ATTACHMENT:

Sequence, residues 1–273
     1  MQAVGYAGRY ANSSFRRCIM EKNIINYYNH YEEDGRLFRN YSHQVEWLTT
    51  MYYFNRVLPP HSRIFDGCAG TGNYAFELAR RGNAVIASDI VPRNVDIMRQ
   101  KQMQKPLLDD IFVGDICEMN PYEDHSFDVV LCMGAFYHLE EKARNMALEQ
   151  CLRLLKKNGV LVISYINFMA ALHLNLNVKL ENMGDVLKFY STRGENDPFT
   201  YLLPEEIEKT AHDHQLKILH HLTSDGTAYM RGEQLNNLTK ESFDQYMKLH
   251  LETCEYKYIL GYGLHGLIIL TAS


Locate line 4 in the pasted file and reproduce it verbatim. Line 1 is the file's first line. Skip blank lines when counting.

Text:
   101  KQMQKPLLDD IFVGDICEMN PYEDHSFDVV LCMGAFYHLE EKARNMALEQ